The Lobster exists in a “dystopian” society where people who aren’t paired up are considered animals. I use quotation marks, because it isn’t dystopian at all. This is what real life can sometimes be like. The propaganda is everywhere. No man is an island. Two are better than one. Three’s a crowd. Strength in numbers. Even Ricky Martin says nobody wants to be lonely.

The movie is a scathing indictment of something most of us are aware of and struggle against, but end up tolerating anyway: we will always and forever be partially defined by whether or not we are one half of a significant whole, because society thinks there’s something inherently wrong with single people. To most, single people are like empty subway cars: full of exciting, limitless potential until the doors open and we realize there’s poop. Or vomit. Or a malodorous hobo sleeping on the floor. While this myopic view is thankfully changing, it’s still glaringly prevalent. We sentence single ladies past a certain age to  a life of knitting and cats, or aging bachelors to waning years left balding and alone in an apartment that smells like feet.  It’s the reason well-meaning people ask if you’re in a relationship. Saying no too often to this question marks one as odd. Never mind that solitariness can, is and should be a choice. We don’t always have to be with someone, but people will always wonder why.

Y Tu Rogue One Tambien

Rogue One: A Star Wars Story introduces itself like another very familiar Star Wars epic, with the words “A long time ago, in a galaxy far away…” While the words are familiar, they’re in cerulean rather than the time-honored gold.  This and the absence of an opening crawl serves to further distinguish this movie from all the others, fostering the sense that yes, this is part of canon but it’s not the story, it’s a story, the odd duck of a brother whose storyline takes place alongside the main event.

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Zootopia

Is there anything worse than being at the movies beside a Chatty Cathy with three kids and a drink who won’t stop talking and flailing about? Yes, I know. Famine, outbreaks, homelessness, Alzheimer’s, the Syrian war, I’m an entitled spoiled brat complaining about minutiae. Still, it’s a bloody theatre. Has civilization so declined we are no longer able to stay calm and collected for two and a half hours? Of all the seats in all the theatre, she chooses the one beside mine. Fantastic Beasts and Where to Find Them, indeed.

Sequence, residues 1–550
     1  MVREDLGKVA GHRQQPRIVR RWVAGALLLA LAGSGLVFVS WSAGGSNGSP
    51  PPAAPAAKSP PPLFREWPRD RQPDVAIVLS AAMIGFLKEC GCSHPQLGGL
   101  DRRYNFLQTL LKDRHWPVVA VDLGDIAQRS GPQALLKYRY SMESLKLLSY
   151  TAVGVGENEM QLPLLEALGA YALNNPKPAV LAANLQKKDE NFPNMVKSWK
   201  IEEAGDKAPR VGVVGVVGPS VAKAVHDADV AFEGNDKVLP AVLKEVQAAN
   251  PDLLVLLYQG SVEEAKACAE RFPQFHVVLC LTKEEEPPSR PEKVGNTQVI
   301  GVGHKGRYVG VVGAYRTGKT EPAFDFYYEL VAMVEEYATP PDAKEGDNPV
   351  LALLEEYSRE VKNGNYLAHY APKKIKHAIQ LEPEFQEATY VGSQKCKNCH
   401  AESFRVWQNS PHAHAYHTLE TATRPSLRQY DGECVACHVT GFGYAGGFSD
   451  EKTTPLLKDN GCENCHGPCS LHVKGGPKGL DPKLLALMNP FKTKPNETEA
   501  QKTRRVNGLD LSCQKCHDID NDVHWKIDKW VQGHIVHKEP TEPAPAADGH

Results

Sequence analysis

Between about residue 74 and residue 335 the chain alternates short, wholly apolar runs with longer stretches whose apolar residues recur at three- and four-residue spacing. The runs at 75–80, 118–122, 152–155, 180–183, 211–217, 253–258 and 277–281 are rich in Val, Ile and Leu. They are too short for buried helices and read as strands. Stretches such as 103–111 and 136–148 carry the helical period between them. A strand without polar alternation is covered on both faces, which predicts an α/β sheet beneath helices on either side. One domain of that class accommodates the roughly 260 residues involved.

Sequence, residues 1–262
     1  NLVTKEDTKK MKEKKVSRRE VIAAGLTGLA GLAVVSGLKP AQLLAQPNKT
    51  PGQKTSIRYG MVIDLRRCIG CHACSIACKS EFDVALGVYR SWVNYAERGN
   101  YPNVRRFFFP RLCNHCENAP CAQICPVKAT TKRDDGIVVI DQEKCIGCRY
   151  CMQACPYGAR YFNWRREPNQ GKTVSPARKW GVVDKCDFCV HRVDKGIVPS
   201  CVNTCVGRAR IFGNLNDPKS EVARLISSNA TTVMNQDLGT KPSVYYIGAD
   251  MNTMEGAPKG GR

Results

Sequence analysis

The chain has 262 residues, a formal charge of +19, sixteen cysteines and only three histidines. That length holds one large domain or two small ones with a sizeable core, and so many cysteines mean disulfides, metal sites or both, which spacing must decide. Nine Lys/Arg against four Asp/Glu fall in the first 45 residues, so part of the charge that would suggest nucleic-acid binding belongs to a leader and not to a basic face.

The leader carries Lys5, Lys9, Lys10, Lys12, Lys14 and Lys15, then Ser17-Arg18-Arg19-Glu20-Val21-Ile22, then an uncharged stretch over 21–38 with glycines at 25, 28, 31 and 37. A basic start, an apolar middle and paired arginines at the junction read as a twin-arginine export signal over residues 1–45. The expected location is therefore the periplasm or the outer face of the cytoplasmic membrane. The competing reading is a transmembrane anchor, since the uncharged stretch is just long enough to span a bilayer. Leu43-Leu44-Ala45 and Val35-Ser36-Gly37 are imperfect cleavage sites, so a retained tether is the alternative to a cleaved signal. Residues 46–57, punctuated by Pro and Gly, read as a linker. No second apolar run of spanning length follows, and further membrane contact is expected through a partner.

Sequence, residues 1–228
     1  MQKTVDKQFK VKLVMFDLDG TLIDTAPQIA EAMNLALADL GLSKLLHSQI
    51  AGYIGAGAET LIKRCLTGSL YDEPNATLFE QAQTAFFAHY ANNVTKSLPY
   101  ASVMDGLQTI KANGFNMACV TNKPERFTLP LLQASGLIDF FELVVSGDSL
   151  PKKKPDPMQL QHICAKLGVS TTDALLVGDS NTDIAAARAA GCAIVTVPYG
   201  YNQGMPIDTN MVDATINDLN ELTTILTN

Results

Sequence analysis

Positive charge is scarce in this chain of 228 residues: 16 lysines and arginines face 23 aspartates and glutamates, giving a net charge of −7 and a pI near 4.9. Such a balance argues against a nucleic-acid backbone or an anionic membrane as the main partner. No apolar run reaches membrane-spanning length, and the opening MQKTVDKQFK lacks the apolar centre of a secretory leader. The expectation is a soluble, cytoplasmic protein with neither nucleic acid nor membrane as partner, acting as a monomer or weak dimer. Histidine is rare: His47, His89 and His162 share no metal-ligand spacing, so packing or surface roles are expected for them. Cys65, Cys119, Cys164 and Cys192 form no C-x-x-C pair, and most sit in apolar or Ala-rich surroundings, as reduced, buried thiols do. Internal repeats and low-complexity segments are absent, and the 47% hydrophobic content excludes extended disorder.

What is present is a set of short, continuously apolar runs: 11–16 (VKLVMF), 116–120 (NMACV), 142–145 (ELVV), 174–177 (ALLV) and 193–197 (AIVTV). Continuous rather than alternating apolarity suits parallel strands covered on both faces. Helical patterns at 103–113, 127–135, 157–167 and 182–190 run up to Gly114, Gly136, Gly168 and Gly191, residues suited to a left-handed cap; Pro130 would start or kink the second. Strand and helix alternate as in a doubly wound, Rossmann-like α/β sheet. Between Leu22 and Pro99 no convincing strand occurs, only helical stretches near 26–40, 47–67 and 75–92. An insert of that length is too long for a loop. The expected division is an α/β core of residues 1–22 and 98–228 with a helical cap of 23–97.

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Adaptations

It’s been a good week for live-action movie adaptations. By this, I mean their trailers – both adaptations are out  next year.

People on my feed are going gaga for Disney’s latest offering, because Beauty and the Beast is a classic. Here, Hermione Granger dresses up in Belle drag and we all accept that Gaston is the one she really should’ve fallen for, because hello, Luke Evans:

And then along comes the trailer for Ghost in the Shell, which, accusations of whitewashing aside, looks absolutely gorgeous. Sorry, Luke Evans, but my money is on this.

Benedict Cumberbatch stars in an Extended PSA for Distracted Driving

Doctor Strange, the latest entry in Marvel’s pantheon of superheroes is the love child of The Matrix and Inception. It’s a trippy, psychedelic, out-of-body experience; it’s also a two-hour cautionary tale of the dangers of driving your Lamborghini and texting at the same time. In a word: don’t.

Stephen Strange M.D., neurosurgeon par excellence, finds this out the hard way.  A genius-level doctor very much in the mold of House, sans cane and pill addiction, he’s a rakish metrosexual with a bloated ego and a thing for expensive timepieces and fancy cars. Since he is one of those people who demand that everyone call them  doctor he’s not an easy man to like – gorgeous New York penthouse be damned. We know a guy this self-involved is headed for a catastrophe of major proportions where  he will… LOSE… EVERYTHING dun dun dunnnnnn! So far, we’re adhering to the Marvel playbook for origin stories.